Tuesday February 26th, 2002
Auckland, New Zealand
Away from public notice and behind closed doors delegates of the International Whaling Commission are hammering out a final plan to resume commercial whaling. Outside Auckland’s Ascot Metropolis hotel where the delegates are staying Greenpeace is keeping vigil. Activists wearing eyeball costumes are shadowing the delegates whenever they appear publicly. As the sun sets over Auckland’s harbour giant color photos of whaling are projected onto a large wall opposite the hotel. “Stop Whaling” posters and banners are hung in strategic shopping and eating venues to put the delegates on notice that the world is watching.
Through a series of public engagement activities throughout this week, Greenpeace will raise public awareness that commercial whaling is on its way back should the pro-whaling nations have their way.
The Government of Japan’s vote-buying strategy has dramatically increased pressure on anti-whaling countries to agree to a management plan for whaling. Full-scale commercial whaling could be resumed despite deep differences over the plan because vote buying by the Fisheries Agency of Japan is likely to secure a majority at the May 2002 meeting of the IWC where the plan is to be discussed.
“What Japan is doing should be condemned in the strongest terms,” said Sarah Duthie, Greenpeace Oceans campaigner. “The failure of the international community to say something sends the signal that issues of international concern will be decided by the highest bidder. In this case, we’re concerned that vote buying means a return to full-scale commercial whaling worldwide.”
Last year’s International Whaling Commission’s meeting was shaken when a senior Japanese official admitted that his country uses aid to buy votes. A Caribbean Prime Minister who admitted that his country supports Japan on whaling in return for aid corroborated this. There were ten bought countries at last year’s meeting in London, up from five countries attending the IWC in 1993. (1)
“Given how commercial whaling has always devastated whale populations in the past and how the world’s remaining whales are now seriously threatened from the on-going degradation of the oceans (2), the IWC should not be developing such a scheme. What the IWC must address is Japanese vote-buying or be responsible for the consequences,” said Duthie. “The precedent the Fisheries Agency is setting undermines acceptable norms of behavior. Any victory by them at the next IWC meeting will have been bought and not won.”
In recent weeks, the Fisheries Agency of Japan has declared that it wants to lift the moratorium on commercial whaling. Should the Government of Japan succeed in buying votes to attain a majority at the upcoming IWC meeting in Japan, then it will have gained a significant advantage toward expanding whale hunting in other parts of the world.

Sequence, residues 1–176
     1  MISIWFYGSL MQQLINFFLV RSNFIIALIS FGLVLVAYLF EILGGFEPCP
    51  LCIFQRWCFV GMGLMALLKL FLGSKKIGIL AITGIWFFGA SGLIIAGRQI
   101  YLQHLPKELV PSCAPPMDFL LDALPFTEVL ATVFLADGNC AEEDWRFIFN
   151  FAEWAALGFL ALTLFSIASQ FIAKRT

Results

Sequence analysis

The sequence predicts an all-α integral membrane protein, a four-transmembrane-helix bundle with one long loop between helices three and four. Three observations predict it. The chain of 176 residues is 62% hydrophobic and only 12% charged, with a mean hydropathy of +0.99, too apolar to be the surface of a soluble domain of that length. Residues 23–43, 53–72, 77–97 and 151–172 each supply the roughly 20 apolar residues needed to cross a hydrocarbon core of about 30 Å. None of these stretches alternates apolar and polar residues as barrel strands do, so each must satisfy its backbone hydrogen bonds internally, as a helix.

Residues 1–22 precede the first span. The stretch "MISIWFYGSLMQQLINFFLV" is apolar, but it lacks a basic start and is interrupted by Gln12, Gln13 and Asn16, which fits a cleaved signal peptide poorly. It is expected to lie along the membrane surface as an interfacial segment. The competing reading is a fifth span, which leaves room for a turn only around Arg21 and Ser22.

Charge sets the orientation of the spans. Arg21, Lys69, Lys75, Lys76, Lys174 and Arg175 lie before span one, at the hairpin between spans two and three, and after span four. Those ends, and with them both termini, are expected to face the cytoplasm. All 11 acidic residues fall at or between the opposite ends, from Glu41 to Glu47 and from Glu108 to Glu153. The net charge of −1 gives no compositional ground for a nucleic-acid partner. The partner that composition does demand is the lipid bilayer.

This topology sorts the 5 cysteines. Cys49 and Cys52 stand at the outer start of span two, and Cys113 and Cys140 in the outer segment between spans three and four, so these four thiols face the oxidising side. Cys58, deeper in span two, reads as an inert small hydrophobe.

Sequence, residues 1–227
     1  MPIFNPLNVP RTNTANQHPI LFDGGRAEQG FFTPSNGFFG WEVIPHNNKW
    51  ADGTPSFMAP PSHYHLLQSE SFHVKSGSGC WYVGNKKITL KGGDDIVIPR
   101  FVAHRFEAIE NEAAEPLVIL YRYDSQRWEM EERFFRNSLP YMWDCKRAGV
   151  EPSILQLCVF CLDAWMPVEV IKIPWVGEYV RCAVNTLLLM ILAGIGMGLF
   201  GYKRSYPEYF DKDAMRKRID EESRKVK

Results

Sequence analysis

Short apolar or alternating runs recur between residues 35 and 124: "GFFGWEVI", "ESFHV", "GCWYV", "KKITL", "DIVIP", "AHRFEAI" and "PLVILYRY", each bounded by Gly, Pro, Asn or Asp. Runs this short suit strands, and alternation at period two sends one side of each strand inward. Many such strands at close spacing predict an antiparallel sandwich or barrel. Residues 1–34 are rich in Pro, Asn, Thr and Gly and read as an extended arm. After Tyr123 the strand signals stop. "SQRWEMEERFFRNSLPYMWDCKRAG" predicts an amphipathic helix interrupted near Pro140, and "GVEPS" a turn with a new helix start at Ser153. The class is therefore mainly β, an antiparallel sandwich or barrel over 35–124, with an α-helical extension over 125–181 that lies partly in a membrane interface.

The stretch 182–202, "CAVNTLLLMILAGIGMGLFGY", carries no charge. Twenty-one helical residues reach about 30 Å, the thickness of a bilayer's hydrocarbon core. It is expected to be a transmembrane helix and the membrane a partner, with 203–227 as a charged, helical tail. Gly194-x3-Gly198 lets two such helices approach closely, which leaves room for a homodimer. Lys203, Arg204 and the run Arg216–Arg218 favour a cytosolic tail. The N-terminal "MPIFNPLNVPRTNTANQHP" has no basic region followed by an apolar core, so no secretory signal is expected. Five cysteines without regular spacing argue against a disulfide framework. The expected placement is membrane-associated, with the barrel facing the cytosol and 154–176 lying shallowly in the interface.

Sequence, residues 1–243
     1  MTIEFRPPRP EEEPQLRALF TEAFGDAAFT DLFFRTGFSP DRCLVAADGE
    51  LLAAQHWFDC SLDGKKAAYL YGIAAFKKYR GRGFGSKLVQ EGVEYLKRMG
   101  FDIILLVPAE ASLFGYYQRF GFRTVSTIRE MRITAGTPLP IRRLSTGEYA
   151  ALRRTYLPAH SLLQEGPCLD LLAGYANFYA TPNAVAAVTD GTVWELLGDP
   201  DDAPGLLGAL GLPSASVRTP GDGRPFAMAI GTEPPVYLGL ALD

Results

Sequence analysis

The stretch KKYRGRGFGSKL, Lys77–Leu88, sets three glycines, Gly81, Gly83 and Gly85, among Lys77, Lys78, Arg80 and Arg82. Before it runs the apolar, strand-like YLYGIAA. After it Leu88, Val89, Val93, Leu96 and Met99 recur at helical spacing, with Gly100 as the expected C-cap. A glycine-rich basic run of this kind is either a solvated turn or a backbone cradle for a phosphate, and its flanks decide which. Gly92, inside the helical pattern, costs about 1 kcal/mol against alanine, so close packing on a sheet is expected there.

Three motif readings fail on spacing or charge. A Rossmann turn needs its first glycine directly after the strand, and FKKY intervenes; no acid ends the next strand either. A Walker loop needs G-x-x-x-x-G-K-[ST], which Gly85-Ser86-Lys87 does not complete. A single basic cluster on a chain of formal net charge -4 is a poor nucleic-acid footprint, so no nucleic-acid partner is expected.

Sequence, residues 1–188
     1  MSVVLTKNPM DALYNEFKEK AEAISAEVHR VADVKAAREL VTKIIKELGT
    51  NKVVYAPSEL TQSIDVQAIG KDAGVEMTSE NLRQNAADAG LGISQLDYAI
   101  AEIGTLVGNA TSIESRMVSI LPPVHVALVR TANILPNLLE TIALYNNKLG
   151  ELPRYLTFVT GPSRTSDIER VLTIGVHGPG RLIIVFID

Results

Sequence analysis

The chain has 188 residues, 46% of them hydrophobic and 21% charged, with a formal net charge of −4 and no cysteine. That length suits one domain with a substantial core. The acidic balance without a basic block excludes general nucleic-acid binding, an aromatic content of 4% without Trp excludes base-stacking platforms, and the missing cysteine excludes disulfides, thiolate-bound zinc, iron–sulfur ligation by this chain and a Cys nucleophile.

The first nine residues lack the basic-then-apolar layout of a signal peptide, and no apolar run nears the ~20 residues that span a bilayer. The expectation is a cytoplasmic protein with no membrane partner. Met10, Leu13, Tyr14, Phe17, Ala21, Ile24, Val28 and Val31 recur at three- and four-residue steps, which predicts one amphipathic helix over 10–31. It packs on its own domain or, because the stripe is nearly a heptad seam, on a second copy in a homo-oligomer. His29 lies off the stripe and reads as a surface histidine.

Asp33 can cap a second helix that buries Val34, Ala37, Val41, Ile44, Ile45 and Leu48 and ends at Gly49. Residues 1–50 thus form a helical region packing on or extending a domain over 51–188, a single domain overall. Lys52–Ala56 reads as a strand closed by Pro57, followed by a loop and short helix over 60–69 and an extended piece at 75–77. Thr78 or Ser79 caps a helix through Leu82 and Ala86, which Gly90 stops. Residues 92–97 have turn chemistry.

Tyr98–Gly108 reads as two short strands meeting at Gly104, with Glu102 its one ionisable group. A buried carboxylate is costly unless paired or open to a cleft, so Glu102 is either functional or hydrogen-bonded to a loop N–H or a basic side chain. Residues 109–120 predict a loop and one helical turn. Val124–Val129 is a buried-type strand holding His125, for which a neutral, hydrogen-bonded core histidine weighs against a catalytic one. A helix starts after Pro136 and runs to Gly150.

The end of the present planning meeting will mark 80 days until the next IWC meeting and with it a possible resumption of commercial whaling.
1) In the run-up to the 2001 IWC meeting a senior member of the Japanese delegation, Mr. Komatsu, confirmed that Japan was vote buying. In an interview with ABC TV, Australia, Mr. Komatsu admitted that Japan had to use the “tools of diplomatic communications and promises of overseas development aid to influence members of the International Whaling Commission". The Prime Minister of Antigua and Barbuda, Lester Bird, independently corroborated this. The Caribbean News Agency, CANA, reported him saying: "So long as the whales are not an endangered species, I don’t see any reason why if we are able to support the Japanese, and the quid pro quo is that they are going to give us some assistance, I am not going to be a hypocrite; that is part of why we do so."
The Fisheries Agency of Japan’s vote buying programme is
gathering momentum. At the 1993 meeting the Fisheries
Agency had just five countries on their payroll. By 1999
there were seven. Japan brought one new country into the
IWC in 2000 and two more in 2001. The Agency now enjoys the
support of ten nations whose votes are paid for: Antigua
and Barbuda, Dominica, Guinea, Grenada, St. Vincent and the
Grenadines, St. Lucia, St. Kitts and Nevis, Solomon Island,
Panama and Morocco. All of these except Morocco vote with
Japan on every issue. The votes of these countries,
combined with those of nations like China, Korea, Norway
and Russia, which vote with Japan for their own reasons
mean that the Fisheries Agency is within 3 or 4 votes of
having a majority in the IWC.
The Fisheries Agency
of Japan is believed to have stepped up its vote buying
drive, concentrating on West Africa.
2) There is
evidence that toxic pollution, ship noise, ozone depletion,
global warming, and overfishing threaten whale populations.
For more information see the Greenpeace report, “Whales In
A Degraded Ocean” (available on the Greenpeace website).